Q&A #6023

Teachers' Lounge Discussion: Children's literature and mathematics

T2T || FAQ || Ask T2T || Teachers' Lounge || Browse || Search || Thanks || About T2T

View entire discussion
[<< prev] [ next >>]

From: Angela Ritter <aritter@matamail.alief.isd.tenet.edu>
To: Teacher2Teacher Public Discussion
Date: 2001121917:10:52
Subject: Children's literature and mathematics

I am responding to two posting that I have seen so far on this

Teacher who teaches middle school and is wanting to find some math
related activities from the Christmas Carol.  You can do some of the
following.  If Scrooge is ___ old, how long has he been working.  How
much does he pay his employee?  What time does the three ghosts come
to see Scrooge and how much time passes before the next one comes. 
What year is it?  What would be the value of the goose in today's
time?  How much money did the little boy spend on the goose?  How much
money did the boy keep?

This is in response to Fallyn.  Yes, children can learn through using
literature.  I usually read a book to the students and break it down
for them.  They have to solve each problem as we read it.  They also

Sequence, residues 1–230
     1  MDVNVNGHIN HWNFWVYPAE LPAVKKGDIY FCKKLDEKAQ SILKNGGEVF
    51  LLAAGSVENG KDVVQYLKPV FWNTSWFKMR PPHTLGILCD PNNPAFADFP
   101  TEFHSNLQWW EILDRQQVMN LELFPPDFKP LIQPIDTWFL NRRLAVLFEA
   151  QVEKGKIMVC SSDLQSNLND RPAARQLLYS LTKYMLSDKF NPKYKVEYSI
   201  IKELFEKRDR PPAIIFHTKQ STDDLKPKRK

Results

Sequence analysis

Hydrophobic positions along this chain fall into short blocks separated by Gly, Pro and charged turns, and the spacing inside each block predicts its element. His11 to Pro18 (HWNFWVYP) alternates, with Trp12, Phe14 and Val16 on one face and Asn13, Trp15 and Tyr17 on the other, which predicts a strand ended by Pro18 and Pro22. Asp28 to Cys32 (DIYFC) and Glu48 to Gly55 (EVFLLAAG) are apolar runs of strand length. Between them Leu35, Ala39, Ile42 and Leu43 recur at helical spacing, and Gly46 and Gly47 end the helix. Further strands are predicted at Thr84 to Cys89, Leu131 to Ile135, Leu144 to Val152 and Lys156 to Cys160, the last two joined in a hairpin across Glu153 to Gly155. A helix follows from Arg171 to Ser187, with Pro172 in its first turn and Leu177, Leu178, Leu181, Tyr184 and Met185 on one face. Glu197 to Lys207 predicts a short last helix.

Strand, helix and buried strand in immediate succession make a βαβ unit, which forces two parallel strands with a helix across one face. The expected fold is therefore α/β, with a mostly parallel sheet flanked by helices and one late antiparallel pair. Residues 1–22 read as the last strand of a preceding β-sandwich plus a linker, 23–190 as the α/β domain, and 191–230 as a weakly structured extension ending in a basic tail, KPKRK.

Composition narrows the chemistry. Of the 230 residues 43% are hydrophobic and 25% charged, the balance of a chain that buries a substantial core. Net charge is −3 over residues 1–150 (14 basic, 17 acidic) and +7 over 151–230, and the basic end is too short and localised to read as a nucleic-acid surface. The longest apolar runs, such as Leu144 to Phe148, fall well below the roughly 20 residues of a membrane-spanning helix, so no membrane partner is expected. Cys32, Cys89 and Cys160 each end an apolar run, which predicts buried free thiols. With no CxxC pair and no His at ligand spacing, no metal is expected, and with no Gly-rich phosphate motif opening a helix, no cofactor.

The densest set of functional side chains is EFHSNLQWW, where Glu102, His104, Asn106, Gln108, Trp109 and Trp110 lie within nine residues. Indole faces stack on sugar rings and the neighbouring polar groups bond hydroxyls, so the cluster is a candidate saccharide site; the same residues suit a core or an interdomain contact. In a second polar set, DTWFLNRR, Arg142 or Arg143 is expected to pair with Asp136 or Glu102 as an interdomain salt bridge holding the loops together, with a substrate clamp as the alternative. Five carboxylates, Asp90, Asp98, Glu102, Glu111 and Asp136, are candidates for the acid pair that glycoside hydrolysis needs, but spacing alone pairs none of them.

have to make a journal entry about what they learned today in math. 
You can also have them create a book similar to the book you read. 
This ties in writing and reading skills.  There are several math
related books out there.  Scholastic provides some really good math
ideas that you can do with books, on their web site.

Post a reply to this message
Post a related public discussion message
Ask Teacher2Teacher a new question

[Privacy Policy] [Terms of Use]

Math Forum Home || The Math Library || Quick Reference || Math Forum Search

Teacher2Teacher - T2T ®
© 1994- Drexel University. All rights reserved.
The Math Forum is a research and educational enterprise of the Drexel School of Education.The Math Forum is a research and educational enterprise of the Drexel University School of Education.